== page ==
Metal enhancements: What to Look out For
There are scores of operations offering dozens of metal enhancement programs and promising all kinds of success rates, some rather less reliable than others. Naturally, you want to take advantage of the opportunities to improve the functioning, reliability and longevity of your racing parts. But metal enhancement treatments without the guidance of a well-furnished mind can easily go wrong. “We have seen surface-finish processes that absolutely ruin gears,” says Liberty. “If the cryogenic process is used correctly, it can bring huge benefits, but if used incorrectly, it can be discouragingly detrimental. Don’t make the mistake of assuming the processor always knows what is best for your racing part. To precipitate the loss of a perfectly good part is a waste. Always ask the searching questions.”
The key to success in enhancing race parts is finding a qualified professional with a sound understanding of the microscopic structure of metal. Provide them with all pertinent information regarding the failing part or the part most likely to fail and, if possible, provide them with its material properties. Finally, understand there is no cookie-cutter combination that will automatically enhance every part. Every part can be enhanced, but it must be considered separately.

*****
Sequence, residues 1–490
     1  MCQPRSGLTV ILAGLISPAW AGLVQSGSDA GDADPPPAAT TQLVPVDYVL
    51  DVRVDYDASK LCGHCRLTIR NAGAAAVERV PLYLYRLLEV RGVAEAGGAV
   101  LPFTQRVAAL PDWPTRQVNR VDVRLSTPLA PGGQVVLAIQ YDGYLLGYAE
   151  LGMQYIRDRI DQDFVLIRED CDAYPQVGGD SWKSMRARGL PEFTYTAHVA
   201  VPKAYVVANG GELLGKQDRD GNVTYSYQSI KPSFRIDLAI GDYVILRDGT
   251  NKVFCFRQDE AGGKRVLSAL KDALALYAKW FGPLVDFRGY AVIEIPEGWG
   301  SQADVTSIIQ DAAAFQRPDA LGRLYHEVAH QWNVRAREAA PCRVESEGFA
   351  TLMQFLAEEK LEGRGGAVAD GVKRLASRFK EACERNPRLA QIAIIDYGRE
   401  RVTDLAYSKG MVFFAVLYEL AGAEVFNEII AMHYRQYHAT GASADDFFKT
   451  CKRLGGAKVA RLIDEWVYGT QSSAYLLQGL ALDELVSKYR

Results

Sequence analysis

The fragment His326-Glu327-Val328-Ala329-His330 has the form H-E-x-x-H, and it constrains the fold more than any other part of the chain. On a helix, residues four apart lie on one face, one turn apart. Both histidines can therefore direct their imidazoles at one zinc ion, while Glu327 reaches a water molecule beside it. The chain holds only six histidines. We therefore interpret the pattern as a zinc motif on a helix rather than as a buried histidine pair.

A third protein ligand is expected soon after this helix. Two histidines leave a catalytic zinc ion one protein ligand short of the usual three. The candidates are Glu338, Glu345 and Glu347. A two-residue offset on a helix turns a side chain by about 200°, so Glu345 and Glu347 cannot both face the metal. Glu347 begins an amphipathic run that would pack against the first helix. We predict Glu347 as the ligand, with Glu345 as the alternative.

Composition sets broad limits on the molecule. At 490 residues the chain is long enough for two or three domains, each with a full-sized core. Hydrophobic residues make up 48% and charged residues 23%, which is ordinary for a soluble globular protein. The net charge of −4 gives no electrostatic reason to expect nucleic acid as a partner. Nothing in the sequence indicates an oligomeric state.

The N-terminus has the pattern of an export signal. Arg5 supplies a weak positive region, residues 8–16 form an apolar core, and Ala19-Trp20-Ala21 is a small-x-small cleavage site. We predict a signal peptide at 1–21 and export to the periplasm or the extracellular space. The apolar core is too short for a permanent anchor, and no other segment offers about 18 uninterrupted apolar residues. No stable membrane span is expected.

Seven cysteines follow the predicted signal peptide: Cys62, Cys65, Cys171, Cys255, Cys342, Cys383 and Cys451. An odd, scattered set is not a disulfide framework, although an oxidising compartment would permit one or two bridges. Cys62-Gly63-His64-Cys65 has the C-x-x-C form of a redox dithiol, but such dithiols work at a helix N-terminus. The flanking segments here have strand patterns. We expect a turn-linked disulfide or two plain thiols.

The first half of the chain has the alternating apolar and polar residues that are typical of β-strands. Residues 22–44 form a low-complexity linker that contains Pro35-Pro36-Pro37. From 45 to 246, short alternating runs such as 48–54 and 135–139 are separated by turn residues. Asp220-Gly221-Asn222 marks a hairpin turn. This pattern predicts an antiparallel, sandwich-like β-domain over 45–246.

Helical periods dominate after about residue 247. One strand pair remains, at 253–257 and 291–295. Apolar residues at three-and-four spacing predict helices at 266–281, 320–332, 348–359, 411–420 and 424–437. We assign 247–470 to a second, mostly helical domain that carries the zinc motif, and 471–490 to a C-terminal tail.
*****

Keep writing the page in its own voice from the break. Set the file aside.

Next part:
Metallurgist Michael Pfeifer says it best, “It is important to recognize that metals are not slabs of stuff, but instead consist of various microscopic structures that can be manipulated to obtain specific properties. Engineers that are adept at selecting and controlling these microscopic structures greatly increase their chances of making superior parts.”
Generally, Liberty’s uses shot peening to improve load capacity. The thermal stabilization process is applied to improve resistance to surface fractures. Surface enhancement techniques are employed to reduce friction and cryogenics to increase resistance to wear and fractures.
Check back next week when we wrap up our examination of why parts fail and how to prevent it from happening to you.
Text by Sam Logan
Photos by Moore Good Ink